Most studies on AAN focus on adults instead of children [68]. The prominent initial symptoms are often gastrointestinal symptoms (vomiting, abdominal pain, and diarrhea). Thus, patients tend to initially be admitted to the gastroenterological department [9], which also adds the difficulty of timely diagnosis.

In this study, we described the symptoms of 11 cases in three pediatric clinical centers in China. We hope to provide more evidence for the clinical diagnosis and treatment of AAN and help improve the prognosis.

Methods

We retrospectively investigated children with acute autonomic neuropathy diagnosed in three pediatric medical centers in China from 2003 to 2014. All clinical data were evaluated by a neurologist.

The following is the diagnostic criteria: (1) acute or sub-acute onset; (2) with clinical and electrophysiological evidence of significant autonomic failure and relative preservation of somatic motor and sensory function; (3) a self-limited course and partial recovery within 1 year to 2 years; (4) without autonomic failure because of central nervous system(CNS)disease; and (5) autonomic neuropathies of known etiology, such as those associated with amyloidosis, diabetes, malignant neoplasm, and neurotoxic drug exposure [3].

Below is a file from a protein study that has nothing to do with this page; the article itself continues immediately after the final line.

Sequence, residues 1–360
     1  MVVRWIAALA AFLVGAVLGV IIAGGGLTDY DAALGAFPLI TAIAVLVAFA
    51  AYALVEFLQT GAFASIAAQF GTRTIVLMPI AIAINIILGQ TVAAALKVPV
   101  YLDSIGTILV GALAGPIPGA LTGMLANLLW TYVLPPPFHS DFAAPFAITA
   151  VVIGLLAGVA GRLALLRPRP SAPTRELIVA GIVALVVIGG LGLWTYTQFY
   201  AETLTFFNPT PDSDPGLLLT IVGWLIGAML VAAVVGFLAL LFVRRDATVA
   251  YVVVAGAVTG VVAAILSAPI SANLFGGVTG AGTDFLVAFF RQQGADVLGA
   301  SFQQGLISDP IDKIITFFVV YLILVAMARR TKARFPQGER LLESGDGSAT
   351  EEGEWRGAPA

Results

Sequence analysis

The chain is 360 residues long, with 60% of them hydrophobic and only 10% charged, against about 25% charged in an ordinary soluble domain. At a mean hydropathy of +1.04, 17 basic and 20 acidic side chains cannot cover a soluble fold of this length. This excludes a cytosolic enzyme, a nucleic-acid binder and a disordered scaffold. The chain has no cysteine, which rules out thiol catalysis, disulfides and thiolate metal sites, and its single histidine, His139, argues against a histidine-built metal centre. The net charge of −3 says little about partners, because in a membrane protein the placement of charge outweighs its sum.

We used a series of reproducible, noninvasive, simple, and viable detection methods in the initial diagnosis and the subsequent follow-up.

1. Minor’s starch iodine test [10]: The test was administered by applying an alcohol–iodine–oil solution and starch powder. The patient received aspirin and a cup of hot water to promote sweating. The distribution of blue discoloration of the starch iodine mixture was recorded.